Through my tears I stammered, “God, I don’t want to do this. Why is it so hard? I feel like I don’t belong here with these people, these other Christians in this church.” I knew the promise I had made with myself, to commit to God, but I wasn’t sure I could do it. I wasn’t sure I could have faith again, because that step was too big to take and my legs couldn’t move that quickly.
I write this, three years later, for my husband’s blog. I believe fully in God and I have faith today, although I am wary of sticking any adjective in front of the word faith. And I have taken the steps I have – some tiny shuffles, some giant leaps – because I know I will keep taking steps of faith, in faith, the rest of my life. I have accepted that some steps might be backward or down dead end roads, but steps can be retraced or retaken forward. While I don’t say this with any spiritual truth certainty, perhaps what I did “wrong” in my faith before was to stop taking steps.
I don’t think I’m alone in this faith struggle, nor do I think that Jesus is surprised when Christians grapple with their beliefs. In Luke 8:13-14, Jesus identifies the problems Christians will have in faith:
Those on the rock are the ones who receive the word with joy when they hear it, but they have no root. They believe for a while, but in the time of testing they fall away. The seed that fell among thorns stands for those who hear, but as they go on their way they are choked by life’s worries, riches and pleasures, and they do not mature.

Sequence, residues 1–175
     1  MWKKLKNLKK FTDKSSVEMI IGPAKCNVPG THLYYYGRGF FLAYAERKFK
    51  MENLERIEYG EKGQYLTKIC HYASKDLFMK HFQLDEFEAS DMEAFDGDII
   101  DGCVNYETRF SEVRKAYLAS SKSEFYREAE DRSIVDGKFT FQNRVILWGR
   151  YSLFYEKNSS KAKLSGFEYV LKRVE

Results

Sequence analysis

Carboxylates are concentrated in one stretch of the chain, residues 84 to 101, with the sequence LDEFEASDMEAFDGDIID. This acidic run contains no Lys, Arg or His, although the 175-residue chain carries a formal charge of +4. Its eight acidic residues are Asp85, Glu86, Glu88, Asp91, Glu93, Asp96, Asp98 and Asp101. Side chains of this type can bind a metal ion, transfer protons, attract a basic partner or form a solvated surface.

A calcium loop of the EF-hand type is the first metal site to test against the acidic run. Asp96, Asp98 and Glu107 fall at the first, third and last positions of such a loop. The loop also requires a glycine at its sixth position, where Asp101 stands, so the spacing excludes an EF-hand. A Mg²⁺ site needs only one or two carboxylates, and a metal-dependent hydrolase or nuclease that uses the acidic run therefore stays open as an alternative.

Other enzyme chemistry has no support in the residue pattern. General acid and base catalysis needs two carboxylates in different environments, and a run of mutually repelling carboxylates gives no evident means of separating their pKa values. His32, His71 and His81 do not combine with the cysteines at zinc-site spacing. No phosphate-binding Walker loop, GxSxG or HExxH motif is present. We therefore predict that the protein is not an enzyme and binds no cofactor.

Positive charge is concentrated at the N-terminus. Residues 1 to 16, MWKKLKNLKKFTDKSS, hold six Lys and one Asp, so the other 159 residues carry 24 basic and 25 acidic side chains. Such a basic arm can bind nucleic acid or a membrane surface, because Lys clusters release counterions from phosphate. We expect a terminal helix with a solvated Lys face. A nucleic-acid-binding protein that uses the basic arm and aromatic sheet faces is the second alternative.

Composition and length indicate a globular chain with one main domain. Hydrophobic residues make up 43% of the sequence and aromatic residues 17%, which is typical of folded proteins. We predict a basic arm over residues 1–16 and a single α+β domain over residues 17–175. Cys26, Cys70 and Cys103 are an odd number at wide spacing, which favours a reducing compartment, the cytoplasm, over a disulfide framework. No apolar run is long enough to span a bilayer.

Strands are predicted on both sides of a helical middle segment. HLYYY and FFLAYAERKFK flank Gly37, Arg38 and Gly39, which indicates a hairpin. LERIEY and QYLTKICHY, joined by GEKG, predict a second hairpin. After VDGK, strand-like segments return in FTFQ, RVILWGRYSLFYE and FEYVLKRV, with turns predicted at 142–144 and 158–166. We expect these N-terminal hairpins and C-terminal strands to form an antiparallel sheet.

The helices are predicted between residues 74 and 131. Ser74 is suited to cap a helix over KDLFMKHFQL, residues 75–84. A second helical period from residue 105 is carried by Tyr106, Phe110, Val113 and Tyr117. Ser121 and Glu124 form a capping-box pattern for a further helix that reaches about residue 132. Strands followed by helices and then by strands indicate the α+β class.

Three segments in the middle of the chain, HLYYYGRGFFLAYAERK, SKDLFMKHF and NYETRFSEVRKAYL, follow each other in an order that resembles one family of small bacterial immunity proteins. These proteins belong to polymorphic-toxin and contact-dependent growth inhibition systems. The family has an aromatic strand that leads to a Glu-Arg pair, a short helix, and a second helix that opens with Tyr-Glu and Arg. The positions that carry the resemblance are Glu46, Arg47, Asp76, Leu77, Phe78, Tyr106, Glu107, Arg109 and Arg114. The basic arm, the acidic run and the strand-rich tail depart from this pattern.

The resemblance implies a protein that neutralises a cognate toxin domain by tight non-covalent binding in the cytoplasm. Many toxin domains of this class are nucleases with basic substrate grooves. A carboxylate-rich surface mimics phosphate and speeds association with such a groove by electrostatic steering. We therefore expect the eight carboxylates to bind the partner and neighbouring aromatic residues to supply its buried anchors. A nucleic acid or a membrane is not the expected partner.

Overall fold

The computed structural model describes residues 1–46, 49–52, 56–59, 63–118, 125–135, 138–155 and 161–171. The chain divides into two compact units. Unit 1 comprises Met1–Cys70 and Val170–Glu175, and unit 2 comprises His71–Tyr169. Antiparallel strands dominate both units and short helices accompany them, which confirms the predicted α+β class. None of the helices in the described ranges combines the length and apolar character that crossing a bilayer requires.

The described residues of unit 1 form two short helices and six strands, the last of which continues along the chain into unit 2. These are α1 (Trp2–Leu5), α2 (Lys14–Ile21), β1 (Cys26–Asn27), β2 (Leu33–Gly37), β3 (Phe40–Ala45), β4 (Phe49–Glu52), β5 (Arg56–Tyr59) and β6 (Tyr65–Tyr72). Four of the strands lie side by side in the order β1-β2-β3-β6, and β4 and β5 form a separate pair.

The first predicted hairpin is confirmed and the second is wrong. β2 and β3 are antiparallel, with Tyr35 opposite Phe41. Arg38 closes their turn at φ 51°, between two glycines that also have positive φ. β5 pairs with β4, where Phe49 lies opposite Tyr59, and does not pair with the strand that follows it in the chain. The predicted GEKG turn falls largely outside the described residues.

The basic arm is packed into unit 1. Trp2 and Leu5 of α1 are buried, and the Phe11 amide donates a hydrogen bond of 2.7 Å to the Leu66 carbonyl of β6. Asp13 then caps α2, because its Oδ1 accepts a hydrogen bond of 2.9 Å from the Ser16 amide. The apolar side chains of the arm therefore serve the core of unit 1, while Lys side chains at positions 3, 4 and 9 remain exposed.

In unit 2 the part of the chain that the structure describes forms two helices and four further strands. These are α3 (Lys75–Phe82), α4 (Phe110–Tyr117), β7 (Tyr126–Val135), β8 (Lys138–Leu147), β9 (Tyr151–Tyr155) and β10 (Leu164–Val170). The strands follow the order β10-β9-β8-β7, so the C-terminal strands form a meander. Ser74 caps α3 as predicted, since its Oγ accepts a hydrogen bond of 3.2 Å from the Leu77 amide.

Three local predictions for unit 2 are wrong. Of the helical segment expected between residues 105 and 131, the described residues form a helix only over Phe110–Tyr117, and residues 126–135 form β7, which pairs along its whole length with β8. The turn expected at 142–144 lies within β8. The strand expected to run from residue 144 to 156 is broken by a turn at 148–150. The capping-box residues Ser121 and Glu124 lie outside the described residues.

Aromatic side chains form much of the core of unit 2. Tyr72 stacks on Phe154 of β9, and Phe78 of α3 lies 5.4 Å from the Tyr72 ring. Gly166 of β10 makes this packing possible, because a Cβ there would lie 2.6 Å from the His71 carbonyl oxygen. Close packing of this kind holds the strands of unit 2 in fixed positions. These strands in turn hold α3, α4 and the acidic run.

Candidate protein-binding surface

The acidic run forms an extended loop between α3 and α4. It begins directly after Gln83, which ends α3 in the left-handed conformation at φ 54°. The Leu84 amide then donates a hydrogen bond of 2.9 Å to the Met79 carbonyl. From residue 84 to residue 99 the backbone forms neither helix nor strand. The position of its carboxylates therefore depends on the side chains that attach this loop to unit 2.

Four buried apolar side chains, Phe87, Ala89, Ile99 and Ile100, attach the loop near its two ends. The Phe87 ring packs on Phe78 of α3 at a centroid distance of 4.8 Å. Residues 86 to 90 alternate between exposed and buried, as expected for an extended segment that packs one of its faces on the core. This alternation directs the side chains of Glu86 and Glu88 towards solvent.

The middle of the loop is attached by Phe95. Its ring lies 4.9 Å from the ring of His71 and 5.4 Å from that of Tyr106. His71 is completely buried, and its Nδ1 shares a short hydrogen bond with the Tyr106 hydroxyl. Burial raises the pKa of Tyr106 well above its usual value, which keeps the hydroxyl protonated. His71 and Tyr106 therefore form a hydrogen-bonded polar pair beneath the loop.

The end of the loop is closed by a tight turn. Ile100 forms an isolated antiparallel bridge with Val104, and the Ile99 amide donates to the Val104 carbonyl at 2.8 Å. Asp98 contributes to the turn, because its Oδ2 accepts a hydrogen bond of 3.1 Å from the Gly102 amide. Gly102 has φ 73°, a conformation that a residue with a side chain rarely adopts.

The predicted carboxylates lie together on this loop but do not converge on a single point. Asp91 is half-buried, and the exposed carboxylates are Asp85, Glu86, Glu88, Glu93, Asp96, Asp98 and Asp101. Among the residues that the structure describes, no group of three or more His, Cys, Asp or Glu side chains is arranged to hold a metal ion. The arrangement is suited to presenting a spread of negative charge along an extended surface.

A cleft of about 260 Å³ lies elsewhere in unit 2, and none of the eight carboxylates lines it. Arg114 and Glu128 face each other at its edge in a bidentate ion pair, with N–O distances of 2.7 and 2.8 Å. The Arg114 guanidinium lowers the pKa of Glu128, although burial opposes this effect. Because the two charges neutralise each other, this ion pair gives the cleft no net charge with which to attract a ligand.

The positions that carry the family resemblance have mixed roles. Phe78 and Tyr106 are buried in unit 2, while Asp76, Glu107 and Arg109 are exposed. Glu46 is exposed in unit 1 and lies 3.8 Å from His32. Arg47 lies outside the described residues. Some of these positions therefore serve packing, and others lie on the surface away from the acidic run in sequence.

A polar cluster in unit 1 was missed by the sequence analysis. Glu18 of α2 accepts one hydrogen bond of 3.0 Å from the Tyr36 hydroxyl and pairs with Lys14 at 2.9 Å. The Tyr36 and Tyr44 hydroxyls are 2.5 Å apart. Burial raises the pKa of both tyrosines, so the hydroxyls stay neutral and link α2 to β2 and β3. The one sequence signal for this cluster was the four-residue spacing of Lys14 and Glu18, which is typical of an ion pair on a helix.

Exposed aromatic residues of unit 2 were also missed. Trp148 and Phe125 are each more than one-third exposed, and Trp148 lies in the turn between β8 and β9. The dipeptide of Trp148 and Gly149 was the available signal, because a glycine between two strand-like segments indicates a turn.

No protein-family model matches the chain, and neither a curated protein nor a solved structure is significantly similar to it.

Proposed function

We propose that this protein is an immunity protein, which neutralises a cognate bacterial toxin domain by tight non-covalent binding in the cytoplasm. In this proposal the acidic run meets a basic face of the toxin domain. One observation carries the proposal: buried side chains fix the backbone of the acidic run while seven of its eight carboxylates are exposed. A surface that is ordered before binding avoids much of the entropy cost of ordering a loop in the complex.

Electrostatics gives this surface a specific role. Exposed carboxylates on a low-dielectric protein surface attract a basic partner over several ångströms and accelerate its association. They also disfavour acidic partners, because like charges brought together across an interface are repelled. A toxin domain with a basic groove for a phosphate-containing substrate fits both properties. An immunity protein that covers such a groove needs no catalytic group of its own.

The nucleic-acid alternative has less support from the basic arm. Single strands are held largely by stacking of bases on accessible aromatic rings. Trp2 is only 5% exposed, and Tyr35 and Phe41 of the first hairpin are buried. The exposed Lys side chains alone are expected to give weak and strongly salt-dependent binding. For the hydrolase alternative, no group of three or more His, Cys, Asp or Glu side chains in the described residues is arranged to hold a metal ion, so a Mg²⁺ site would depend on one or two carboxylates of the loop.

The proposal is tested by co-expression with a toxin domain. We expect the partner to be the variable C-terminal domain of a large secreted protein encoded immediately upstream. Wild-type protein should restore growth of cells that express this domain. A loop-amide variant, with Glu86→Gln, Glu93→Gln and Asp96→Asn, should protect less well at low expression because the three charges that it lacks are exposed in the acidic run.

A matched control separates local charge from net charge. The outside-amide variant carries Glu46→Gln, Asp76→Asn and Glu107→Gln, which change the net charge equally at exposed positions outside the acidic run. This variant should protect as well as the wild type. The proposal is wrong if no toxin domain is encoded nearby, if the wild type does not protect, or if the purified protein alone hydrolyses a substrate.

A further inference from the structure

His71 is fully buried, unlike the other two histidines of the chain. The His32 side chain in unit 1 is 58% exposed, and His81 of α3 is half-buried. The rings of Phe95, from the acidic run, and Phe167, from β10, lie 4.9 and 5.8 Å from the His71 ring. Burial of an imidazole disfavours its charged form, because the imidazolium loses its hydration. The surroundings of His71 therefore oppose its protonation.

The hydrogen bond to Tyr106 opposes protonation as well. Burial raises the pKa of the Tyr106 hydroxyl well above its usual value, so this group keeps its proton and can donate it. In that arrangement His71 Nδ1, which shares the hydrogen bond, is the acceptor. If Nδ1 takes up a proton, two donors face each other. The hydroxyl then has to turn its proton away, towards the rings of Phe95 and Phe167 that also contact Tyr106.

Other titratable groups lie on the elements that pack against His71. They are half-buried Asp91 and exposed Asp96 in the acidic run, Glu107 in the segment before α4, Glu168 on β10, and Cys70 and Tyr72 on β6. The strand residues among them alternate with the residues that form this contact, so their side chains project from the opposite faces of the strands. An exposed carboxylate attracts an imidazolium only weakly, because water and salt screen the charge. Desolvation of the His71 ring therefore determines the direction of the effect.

Jesus clearly explains this parable because God doesn’t keep secrets from Christians. Throughout the Bible, God tells Christians that faith isn’t easy, isn’t a walk in the park, isn’t a free pass to a lifetime of bliss. Instead, faith is the opposite. It’s difficult, a journey of endurance through jungle and desert, and it brings pain along with joy. I say all this to note that God also understands us; he sent Jesus to tell the beautiful parable of the Prodigal Son to remind us that we can always come back.
Now, with no intention of either setting forth a multi-step plan that will guarantee renewed faith, or being another mouth spouting misguided words, I would like to offer some encouragement and advice I have learned from my faith experience.

  • It feels easy to become a Christian again because you know what to do and to say. But remember that there will be tough times when things feel too difficult, too tricky, or too frustrating, and you will want to leave faith again. Take it slow, there is no need to rush steps of faith.
  • Learn how to be comfortable around and to trust God again, and not just God, but other Christians as well. However, do not let another person substitute for the true savior,  Jesus, or let another person’s faith substitute for your own true faith.
  • Don’t be ashamed of your past decisions and your time away from the church. It is your story to be used for God’s glory.
  • It is okay to admit your fears and doubts to God because He’s big enough for them and because I think He respects the difficulties we face in trying to stand firm to a life of faith on earth.
  • Finally, learn to receive grace from God. His grace is more than enough to forgive you again, just like it was the first time you accepted His gift.